synopsis: Pasaquan

The path to Pasaquan was, like most worthwhile journeys, elusive and tenuous. As we left the metro Atlanta area heading south, there was a severe backup of our primary route. There were signs warning of construction happening, but the backup of the freeway suggested that there was also a major accident going on. We were moving along at a glacier-like clip for quite a while, and when we got to the next possible exit, made the detour, and abandoned the carefully picked directions scribbled down the back of an envelope. Turning to the “Georgia” page of the road atlas, we quickly located a full detour route that went though several small towns, all of whom were having a Fall festival of one sort or another, like Barnesville, Thomaston, Talbotton, and Geneva. We also stumbled onto…. The Rock.

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That’s got to be one of the cooler names for a town ever…. The Rock, GA. There was immediate rush of “the rock” quotes, including “Can you smell what The Rock is cookin’?” and “Can’t stop The Rock!”, followed by a stream of references to rock music, Alcatraz island, and various action movies.

It took quite a bit longer to get to Pasaquan than anticipated. Once we arrived, we found that the journey was well worth it. Not only did we get to explore all of pasaquan, but there was also live music, and other folk and local artists displaying pieces as well. I got some really good pictures, shared above.

Walking around Pasaquan, Eddie Martin’s philosophy (a blending of Eastern and western thought combined with a healthy dose of both Shamanism) pervaded. Any place on the whole complex that you would look was enhanced by design: paint, hammered tin, beads, felt, carvings, statuettes… The images of people, gods, suns and moons, planetary systems, cities, flowers, and more. The magnitude of all the thought and effort instantly draws you in. The connection between human mind and nature, between ancient thought and modern thought, and between the beliefs of civilizatons all around the world seem to be fragmented in our daily lives, but at Pasaquan, one can see them all come together in jigsaw fashion, in balance, in Zen.

Yesterday was the last day of the year for Pasaquan to be open to the public until the spring. We’re already planning a return road trip. With three possible routes scribbled on sticky notes, fluttering in the wind.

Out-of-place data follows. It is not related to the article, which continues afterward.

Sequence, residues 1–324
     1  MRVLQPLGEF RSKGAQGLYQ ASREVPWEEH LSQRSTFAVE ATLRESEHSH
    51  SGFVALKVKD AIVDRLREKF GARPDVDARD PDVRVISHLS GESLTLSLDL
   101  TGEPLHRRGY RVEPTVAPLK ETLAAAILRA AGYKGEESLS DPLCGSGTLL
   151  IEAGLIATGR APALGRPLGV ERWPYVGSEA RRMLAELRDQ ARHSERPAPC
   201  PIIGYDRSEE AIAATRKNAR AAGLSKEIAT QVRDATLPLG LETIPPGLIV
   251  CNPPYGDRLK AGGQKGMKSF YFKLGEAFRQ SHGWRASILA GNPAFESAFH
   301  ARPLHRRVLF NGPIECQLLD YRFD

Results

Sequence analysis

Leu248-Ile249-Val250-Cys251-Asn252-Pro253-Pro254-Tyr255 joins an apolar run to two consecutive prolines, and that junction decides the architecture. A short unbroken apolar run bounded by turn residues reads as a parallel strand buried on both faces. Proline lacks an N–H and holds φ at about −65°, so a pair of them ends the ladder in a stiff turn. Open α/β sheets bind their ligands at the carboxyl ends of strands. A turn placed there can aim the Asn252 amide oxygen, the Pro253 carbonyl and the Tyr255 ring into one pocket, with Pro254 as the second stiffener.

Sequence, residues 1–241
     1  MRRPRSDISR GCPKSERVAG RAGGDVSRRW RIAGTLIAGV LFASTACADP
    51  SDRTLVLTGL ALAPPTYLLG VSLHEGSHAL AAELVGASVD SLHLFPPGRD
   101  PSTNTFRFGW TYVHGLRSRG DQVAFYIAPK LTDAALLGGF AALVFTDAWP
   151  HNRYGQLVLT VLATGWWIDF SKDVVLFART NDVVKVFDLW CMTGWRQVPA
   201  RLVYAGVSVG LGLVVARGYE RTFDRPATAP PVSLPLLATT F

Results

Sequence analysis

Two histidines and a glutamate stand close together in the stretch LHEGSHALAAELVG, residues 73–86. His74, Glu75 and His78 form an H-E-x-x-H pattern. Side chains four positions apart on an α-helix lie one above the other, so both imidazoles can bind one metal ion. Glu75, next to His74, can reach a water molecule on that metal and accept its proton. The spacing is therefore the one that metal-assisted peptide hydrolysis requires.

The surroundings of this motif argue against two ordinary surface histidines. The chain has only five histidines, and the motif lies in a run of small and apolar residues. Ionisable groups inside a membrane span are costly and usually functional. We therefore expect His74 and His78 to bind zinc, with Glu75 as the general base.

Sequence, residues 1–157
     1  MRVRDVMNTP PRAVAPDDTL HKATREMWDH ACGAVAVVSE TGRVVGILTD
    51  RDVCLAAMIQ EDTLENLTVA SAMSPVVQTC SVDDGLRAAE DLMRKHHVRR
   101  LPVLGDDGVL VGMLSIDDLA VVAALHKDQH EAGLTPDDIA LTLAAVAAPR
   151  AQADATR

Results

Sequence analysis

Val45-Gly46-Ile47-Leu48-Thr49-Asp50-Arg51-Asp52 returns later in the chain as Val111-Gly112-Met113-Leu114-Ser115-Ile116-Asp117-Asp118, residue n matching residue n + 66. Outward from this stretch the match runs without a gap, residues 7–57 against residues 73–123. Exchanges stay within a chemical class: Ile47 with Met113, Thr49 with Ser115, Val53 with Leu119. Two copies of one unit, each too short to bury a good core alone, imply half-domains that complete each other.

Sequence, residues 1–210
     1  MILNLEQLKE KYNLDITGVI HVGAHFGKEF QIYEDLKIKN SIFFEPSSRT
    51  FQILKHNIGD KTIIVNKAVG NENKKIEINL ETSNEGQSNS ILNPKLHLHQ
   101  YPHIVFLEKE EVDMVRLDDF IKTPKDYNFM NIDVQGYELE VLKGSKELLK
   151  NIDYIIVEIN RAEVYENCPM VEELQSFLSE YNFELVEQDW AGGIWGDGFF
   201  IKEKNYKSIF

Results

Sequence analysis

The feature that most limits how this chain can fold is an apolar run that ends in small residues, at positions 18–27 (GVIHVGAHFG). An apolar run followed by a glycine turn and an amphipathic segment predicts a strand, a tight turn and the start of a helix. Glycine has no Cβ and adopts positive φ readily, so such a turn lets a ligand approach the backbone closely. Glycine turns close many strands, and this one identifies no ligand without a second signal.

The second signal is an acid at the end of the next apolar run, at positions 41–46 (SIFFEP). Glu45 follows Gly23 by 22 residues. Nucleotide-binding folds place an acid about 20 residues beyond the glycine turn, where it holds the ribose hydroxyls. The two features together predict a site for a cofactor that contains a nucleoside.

Artists for Pasaquan

Time for a road trip! The cool weather has returned, and those crisp mornings are calling… Dust off your rucksack and grab a travel coffee mug and a worn-out college sweatshirt!

On Saturday, November 3, 2007, Pasaquan will host artists from all around the South for an exciting day of creative celebration at an event called “Artists for Pasaquan”.

Fifty or more artists – students, amateurs, professionals, eccentrics, visionaries – will participate in the celebration. The varied conglomeration of sympathetic artists will join together at Pasaquan to demonstrate their support for the restoration and preservation of the noted visionary art site. Participating artists will bring their own recent artwork to show and to sell and a lineup of musician friends of Pasaquan will entertain those who attend the gathering.

“Passa-what?” you say? Well, according to Jonathan Railey at Flagpole Magazine:

If you haven’t heard that name before, well, suffice it to say that he’s just about the weirdest cat you never met – so weird he refused to be airbrushed, alloyed, snow-jobbed or beaten into conformity by the forces of authority that get to most of us early on. So bizarre that he took to the open road rather than subject himself to the tyranny of a cruel and oppressive father. So eccentric that when he finally settled down, he tried to make a homestead for himself that suited him and embodied his highest ideals…

Looking at the art at Pasaquan, you immediately get the feeling that you are in a tribal place, sacred, communal. The sense of interconnectedness with nature, philosophy, the human experience pervades.

There is quite a bit of information available online about Pasaquan and Saint EOM (née Eddie Martin), including writeups by Mike Segers and
Interesting Ideas, and there was even a PBS Special!

I should be getting some good pictures, so more on this after the weekend!

Where is it? (Click for Gmap love) Near Buena Vista, GA (between Columbus, GA and Americus, GA), which is also home of Georgia Rural Telephone Museum.